Published June 25th, 2023 at 6:00 AM4 minute read
LONE JACK, Missouri — When you think of this small town of about 1,600 people in eastern Jackson County (if you ever do), what comes to mind? (I’ll wait.)
While I waited, I bet you discovered that a minor Civil War battle was fought there on Aug. 16, 1862, when Confederate troops took five hours to whip Union troops on the town square. That is why there’s a small history museum in town today.
And maybe you also discovered that the town’s name came from a single blackjack oak tree that once stood as a landmark there.
But here’s what you probably missed: A Lone Jack High School teacher, Angela Gottesburen, last month was named Holocaust Educator of the Year by the Midwest Center for Holocaust Education (MCHE).
Beyond that, four of this year’s five winners in the upper division (10th through 12th grade) of MCHE’s annual White Rose Research Contest were her students — Makenzie Brantner, Meredith Cole, Sarah Gillespie and Jack Stevenson.
That contest gives students a chance to learn about the young people in the White Rose movement during World War II who worked surreptitiously against the Nazis. It also gives them a chance to show what they’ve learned in their study of the Nazi-led murder of six million Jews and others in World War II and how they can apply that to their lives today.
In fact, Angie Gottesburen has lit a light of inquiry and knowledge in little Lone Jack, and it all grew out of her experience of reading Ellie Wiesel’s remarkable Holocaust memoir, “Night”, when she was 14 years old and growing up in Blue Springs and Independence.
“I considered myself a nerd or a knowledge seeker,” she says. “I love just learning new things. I love history and I’m very compassionate and I hate injustice.”
In some ways, it’s all family connected, too, given that her married name is German as is her maiden name, Moehlman. And in junior high and high school, she studied German for five years.
Americans with German backgrounds, like Gottesburen (and me), have complicated relations with German history in that some of us try to discover whether people with our last names in Germany in World War II were active Nazis, resisters, bystanders or some combination. Answers aren’t easy to find.
For 16 years, Gottesburen has been a school librarian and, more recently, a teacher in Lone Jack. She’s still the librarian there but now teaches both English and a popular one-semester elective course on the Holocaust, which she’s done since 2016, except for a two-year pandemic-caused break.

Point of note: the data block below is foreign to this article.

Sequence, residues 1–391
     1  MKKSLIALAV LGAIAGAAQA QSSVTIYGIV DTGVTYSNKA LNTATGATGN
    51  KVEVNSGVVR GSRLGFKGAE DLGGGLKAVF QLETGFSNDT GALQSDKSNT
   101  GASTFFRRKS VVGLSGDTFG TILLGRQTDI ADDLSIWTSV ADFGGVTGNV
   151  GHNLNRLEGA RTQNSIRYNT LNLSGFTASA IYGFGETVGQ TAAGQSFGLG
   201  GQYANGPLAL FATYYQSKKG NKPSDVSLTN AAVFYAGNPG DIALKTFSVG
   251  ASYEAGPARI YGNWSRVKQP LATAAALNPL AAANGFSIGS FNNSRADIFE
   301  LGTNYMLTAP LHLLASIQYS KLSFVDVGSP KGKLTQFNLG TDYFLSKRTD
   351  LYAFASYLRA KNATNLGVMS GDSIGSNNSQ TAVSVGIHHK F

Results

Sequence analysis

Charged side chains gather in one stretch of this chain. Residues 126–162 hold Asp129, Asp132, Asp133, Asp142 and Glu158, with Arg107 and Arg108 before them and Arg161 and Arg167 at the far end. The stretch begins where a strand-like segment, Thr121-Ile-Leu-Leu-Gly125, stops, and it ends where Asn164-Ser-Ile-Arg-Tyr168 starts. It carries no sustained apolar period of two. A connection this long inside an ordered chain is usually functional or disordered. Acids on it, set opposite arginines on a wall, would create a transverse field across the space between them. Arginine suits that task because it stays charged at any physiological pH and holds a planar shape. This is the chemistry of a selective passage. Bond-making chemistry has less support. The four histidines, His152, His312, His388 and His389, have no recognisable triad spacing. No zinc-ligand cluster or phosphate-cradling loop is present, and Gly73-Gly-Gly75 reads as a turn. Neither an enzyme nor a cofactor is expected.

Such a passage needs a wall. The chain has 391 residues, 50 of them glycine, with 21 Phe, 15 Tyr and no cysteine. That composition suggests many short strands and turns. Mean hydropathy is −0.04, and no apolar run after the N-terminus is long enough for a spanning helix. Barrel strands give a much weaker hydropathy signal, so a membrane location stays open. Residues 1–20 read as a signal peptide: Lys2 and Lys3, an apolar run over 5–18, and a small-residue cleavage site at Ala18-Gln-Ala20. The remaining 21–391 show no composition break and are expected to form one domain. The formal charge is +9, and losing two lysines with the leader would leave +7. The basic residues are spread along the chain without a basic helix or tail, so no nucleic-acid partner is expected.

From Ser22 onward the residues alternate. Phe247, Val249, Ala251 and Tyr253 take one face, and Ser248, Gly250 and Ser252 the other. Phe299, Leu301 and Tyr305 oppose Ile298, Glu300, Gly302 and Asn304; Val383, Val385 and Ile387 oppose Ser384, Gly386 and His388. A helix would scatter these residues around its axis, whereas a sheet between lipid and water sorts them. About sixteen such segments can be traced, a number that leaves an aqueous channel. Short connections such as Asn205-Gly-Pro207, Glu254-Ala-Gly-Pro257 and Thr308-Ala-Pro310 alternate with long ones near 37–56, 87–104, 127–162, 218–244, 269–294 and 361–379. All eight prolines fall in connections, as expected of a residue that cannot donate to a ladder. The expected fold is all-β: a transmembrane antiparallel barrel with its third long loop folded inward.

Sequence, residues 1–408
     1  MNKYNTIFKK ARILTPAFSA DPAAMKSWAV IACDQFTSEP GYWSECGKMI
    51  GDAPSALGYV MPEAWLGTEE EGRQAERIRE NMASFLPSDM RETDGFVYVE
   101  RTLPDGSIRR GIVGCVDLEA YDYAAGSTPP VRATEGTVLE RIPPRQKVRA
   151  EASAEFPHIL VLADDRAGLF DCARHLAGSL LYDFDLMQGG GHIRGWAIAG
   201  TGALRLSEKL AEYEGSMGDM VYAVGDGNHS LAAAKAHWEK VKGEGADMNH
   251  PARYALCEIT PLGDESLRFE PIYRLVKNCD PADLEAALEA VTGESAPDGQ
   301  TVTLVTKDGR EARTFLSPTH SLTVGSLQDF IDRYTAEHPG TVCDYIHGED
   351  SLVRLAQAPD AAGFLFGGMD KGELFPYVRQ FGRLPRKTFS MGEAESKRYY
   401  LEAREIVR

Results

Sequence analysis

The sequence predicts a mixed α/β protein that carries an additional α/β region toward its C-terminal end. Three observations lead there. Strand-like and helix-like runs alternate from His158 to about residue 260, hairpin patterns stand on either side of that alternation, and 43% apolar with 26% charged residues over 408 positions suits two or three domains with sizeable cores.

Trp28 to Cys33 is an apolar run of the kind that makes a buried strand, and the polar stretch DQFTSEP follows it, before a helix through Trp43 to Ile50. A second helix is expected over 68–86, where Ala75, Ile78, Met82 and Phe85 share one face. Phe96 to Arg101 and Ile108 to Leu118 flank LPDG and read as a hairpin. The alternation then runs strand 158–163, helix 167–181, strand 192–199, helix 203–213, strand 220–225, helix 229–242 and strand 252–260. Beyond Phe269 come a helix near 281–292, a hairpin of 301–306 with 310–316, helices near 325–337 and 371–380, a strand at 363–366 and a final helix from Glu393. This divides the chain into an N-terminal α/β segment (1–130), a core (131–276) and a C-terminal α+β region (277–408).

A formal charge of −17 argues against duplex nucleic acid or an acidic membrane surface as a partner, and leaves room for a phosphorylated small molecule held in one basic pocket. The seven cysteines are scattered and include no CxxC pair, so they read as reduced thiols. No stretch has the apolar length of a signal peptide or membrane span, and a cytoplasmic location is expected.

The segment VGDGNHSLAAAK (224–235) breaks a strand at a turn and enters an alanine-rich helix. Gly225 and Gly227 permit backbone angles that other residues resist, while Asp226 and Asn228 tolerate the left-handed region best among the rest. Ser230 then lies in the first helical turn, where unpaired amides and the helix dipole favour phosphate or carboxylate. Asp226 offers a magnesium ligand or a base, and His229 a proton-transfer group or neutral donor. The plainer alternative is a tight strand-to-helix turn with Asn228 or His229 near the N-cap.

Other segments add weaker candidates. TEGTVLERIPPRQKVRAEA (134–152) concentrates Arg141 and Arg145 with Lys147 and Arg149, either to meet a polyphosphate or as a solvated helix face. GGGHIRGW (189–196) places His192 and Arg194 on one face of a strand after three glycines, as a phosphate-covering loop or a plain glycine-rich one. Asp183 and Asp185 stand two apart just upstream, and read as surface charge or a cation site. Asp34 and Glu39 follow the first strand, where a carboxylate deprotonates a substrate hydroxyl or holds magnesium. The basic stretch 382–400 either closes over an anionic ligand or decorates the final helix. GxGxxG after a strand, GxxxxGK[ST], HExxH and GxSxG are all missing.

She’s been awarded fellowship money to visit Poland, where the Germans built most of their death camps, and she uses that experience, including her visit to the most famous camp, Auschwitz-Birkenau, to add depth and insight to her teaching.
“Going to Auschwitz,” she says, “made why I think about the Holocaust so much clearer and it became even more important to me. It became more like an honorable deed that I teach about it.”
Lone Jack’s population, at 90% white, is not very diverse. For instance, Gottesburen says the only Jewish student in the high school graduated a year ago.
“But to me,” she says, “that makes it even more important to teach a class like this. The biggest way to overcome hatred is to get to know other people.”
In fact, it’s one of the primary reasons she has devoted so much time and effort to teaching about how Adolf Hitler’s Nazi government made it state policy to eliminate European Jewry, a genocidal goal of incomparable evil that wound up being about two-thirds successful with the murder of six million Jews.
“One of the biggest things I’ve taken away (from Holocaust studies),” she says, “is how much danger lies in ‘othering,’ thinking of someone as ‘other.’ I tell my students that, too. It’s thinking like that that paves a dangerous, dangerous road. Also, so many people (in World War II) did nothing (to save Jews), and that just breaks my heart.”
Gottesburen constantly looks for opportunities to take students beyond Lone Jack to learn. For instance, she helped create a chance for not just her class but any Lone Jack students in middle or high school who wanted to visit last year’s remarkable Holocaust exhibit at Union Station, “Auschwitz: Not Long Ago, Not Far Away.”
In her remarks accepting the Holocaust Educator of the Year award, Gottesburen noted that “history seems very far away to young students, but I try to make it come alive to them by sharing the personal stories of survivors and victims.” In doing that, of course, she’s working against delusional Holocaust deniers who use any means, including social media, to spread their deception.
When Debbie Bass, parent of Lone Jack students and a member of the Lone Jack Education Foundation, nominated Gottesburen for her award on behalf of the foundation, she described her as “a precious treasure.”
Gottesburen is grateful for such compliments, but no matter how much she learns about the Shoah, as the Holocaust is known among Jews, Gottesburen continues to ask herself — and urge her students to ask themselves — this difficult question: “What would I have done if I had been in that space and time?”
It’s also a question for all of us today, as the Biden administration made clear recently by announcing a major new initiative to fight antisemitism. The president might want to check out Lone Jack High School for an approach that brings rewarding results.
(Disclosure: I serve on the board of directors of the Midwest Center for Holocaust Education.)
Bill Tammeus, an award-winning columnist formerly with The Kansas City Star, writes the “Faith Matters” blog for The Star’s website, book reviews for The National Catholic Reporter and for The Presbyterian Outlook. His latest book is Love, Loss and Endurance: A 9/11 Story of Resilience and Hope in an Age of Anxiety. Email him at email@example.com.